November Is National Family Caregivers Month
November is the official month for raising awareness about diabetes, Alzheimer’s, lung cancer, COPD, and antibiotics resistance. Equally as important, it’s also National Family Caregivers Month, a time to acknowledge and applaud the millions of hardworking family caregivers around the country.
According to the Caregiver Action Network, the organization that spearheads the observance of National Family Caregivers Month each year, the celebration allows us to:
- Honor the efforts of unsung family caregivers
- Raise awareness of family caregiver challenges and needed resources
- Educate family caregivers about self-identification
- Increase community, governmental, and peer support for family caregivers
Every November, Caregiver Action Network, in partnership with the Administration for Community Living and other organizations, provides free materials to help spread awareness and to assist caregivers.
Presidential proclamations provide official recognition
Caregiver Action Network has promoted official family caregiver recognition since 1994. In 1997, President Clinton issued the first NFC Month Presidential Proclamation, and every president since then has done the same to honor family caregivers in November.
“During National Family Caregivers Month, we recognize the love and sacrifice of more than 50 million Americans providing crucial care and medical assistance to parents, children, siblings, and other loved ones, ensuring their health and dignity,” wrote President Biden in his proclamation on October 31, 2022.
“Today, far too many Americans find themselves sandwiched between the enormous tasks of supporting aging parents, raising young children, and earning a living. Others bear the responsibility of caring for loved ones with a disability or looking after wounded, ill, or injured service members and veterans who have sacrificed so much for us all. The truth is, at some point in our lives, each of us will likely need to be a family caregiver — but the burden falls especially hard on those who cannot afford support,” he declared, going on to summarize some of the steps he’s taken to ease caregiver burden, as well as other initiatives he’s still fighting for.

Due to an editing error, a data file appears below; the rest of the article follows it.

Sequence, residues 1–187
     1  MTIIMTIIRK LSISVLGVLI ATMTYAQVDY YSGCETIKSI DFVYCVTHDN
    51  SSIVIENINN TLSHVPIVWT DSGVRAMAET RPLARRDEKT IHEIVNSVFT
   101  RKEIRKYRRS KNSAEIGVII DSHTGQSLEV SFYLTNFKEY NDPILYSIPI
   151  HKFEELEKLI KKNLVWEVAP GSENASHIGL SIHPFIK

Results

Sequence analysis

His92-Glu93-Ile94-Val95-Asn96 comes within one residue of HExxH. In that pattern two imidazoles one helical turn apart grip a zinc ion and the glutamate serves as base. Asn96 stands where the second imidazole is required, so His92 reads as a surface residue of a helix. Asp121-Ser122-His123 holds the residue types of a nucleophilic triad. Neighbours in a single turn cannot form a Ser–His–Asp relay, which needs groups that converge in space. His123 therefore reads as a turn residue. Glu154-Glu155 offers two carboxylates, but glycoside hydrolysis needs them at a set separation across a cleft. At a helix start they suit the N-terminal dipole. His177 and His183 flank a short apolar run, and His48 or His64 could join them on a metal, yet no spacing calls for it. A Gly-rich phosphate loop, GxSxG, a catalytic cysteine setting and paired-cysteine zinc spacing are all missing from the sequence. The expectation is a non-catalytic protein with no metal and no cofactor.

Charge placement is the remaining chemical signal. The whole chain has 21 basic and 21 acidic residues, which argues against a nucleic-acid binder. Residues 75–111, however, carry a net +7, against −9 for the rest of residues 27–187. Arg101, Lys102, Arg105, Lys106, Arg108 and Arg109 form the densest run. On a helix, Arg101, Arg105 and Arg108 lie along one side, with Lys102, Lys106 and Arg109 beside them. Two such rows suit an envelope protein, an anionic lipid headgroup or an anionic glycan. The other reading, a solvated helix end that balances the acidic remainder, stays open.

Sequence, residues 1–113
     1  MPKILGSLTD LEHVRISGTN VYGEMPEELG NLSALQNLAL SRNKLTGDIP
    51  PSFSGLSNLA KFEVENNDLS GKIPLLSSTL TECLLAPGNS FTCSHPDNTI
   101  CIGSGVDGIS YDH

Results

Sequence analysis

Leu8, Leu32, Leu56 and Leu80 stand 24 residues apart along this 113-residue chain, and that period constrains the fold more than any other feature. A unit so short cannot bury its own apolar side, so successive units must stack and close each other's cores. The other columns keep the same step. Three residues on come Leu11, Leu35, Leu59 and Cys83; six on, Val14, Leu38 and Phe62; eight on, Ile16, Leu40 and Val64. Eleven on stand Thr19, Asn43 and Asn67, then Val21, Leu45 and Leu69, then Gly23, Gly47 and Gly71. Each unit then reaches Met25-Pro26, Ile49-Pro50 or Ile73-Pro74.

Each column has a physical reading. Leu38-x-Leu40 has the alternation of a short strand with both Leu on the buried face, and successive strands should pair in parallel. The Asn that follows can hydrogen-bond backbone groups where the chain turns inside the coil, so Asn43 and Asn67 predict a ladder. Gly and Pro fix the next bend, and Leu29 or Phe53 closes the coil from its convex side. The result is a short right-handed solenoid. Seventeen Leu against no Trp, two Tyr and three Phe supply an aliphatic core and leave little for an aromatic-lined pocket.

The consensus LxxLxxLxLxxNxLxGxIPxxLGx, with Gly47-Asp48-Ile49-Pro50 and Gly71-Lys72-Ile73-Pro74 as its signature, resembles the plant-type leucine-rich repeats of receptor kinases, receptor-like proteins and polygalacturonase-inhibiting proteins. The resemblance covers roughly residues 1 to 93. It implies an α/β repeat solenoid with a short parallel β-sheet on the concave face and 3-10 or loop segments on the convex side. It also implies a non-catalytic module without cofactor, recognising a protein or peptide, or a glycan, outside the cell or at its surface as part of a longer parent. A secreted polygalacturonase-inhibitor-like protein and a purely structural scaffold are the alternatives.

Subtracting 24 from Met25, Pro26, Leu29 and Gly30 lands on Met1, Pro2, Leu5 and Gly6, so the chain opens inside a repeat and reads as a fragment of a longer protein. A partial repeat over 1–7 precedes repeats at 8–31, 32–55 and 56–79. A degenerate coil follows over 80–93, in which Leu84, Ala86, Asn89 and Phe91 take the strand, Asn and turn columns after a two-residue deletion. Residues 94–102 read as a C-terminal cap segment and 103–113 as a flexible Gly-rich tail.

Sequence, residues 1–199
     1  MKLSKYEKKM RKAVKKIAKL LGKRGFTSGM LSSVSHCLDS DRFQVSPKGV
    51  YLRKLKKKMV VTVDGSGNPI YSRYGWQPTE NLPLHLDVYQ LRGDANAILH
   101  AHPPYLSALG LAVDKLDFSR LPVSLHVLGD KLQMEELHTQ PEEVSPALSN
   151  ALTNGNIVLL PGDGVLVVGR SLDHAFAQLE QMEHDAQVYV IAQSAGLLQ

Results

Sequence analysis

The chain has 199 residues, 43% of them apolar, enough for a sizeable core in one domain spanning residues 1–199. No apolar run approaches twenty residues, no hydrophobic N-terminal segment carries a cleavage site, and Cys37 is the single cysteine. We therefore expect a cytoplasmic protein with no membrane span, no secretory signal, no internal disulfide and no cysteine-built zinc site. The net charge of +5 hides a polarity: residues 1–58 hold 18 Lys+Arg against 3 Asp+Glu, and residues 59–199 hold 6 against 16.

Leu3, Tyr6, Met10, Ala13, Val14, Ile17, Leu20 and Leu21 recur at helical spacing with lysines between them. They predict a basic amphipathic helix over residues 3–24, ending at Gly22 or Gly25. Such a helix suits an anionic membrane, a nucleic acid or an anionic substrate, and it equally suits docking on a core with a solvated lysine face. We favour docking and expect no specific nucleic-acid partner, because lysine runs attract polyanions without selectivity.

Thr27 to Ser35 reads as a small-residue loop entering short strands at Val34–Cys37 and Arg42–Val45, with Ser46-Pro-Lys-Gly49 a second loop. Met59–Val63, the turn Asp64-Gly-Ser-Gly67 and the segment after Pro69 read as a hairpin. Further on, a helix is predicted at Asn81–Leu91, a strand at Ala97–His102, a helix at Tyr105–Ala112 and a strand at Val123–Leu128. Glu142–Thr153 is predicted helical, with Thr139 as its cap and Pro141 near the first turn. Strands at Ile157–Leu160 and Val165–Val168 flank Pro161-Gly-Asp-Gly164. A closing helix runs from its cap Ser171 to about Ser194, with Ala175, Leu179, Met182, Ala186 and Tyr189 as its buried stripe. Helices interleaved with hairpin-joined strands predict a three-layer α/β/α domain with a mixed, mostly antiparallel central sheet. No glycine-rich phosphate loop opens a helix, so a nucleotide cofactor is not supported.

How can I help celebrate National Family Caregivers Month?
There are several things you can do to help spread knowledge and resources this National Family Caregivers Month. You can:
- Use the following hashtags in your social media posts:
- Share online governmental and nonprofit resources for caregivers and educators, including:
- Home and Distance Learning Activities
- Parent/Caregiver Toolkits
- National Hospice and Palliative Care Organization
- Family Caregiver Alliance
- National Alliance for Caregiving
- National Institutes of Health, National Institutes on Aging, Caregiving
- U.S. Department of Health & Human Services, Administration for Children & Families, Office of Head Start
National Family Caregivers Month is also a good time to explore what you can do to help caregivers any time of year, whether family members, friends, neighbors, or strangers. You can be a respite volunteer, help with shopping, sign up as a companion for older adults, babysit children, run errands, offer a listening ear or a shoulder to cry on. Sometimes even just the offer to help can make a struggling caregiver feel seen, appreciated, and hopeful.
“Family caregivers are the backbone of our Nation’s long-term care system, doing essential work with devotion, often at great emotional and financial cost,” Biden said. “It is time to bring their service out of the shadows and celebrate and support them in living their own happy, healthy, and fulfilling lives.”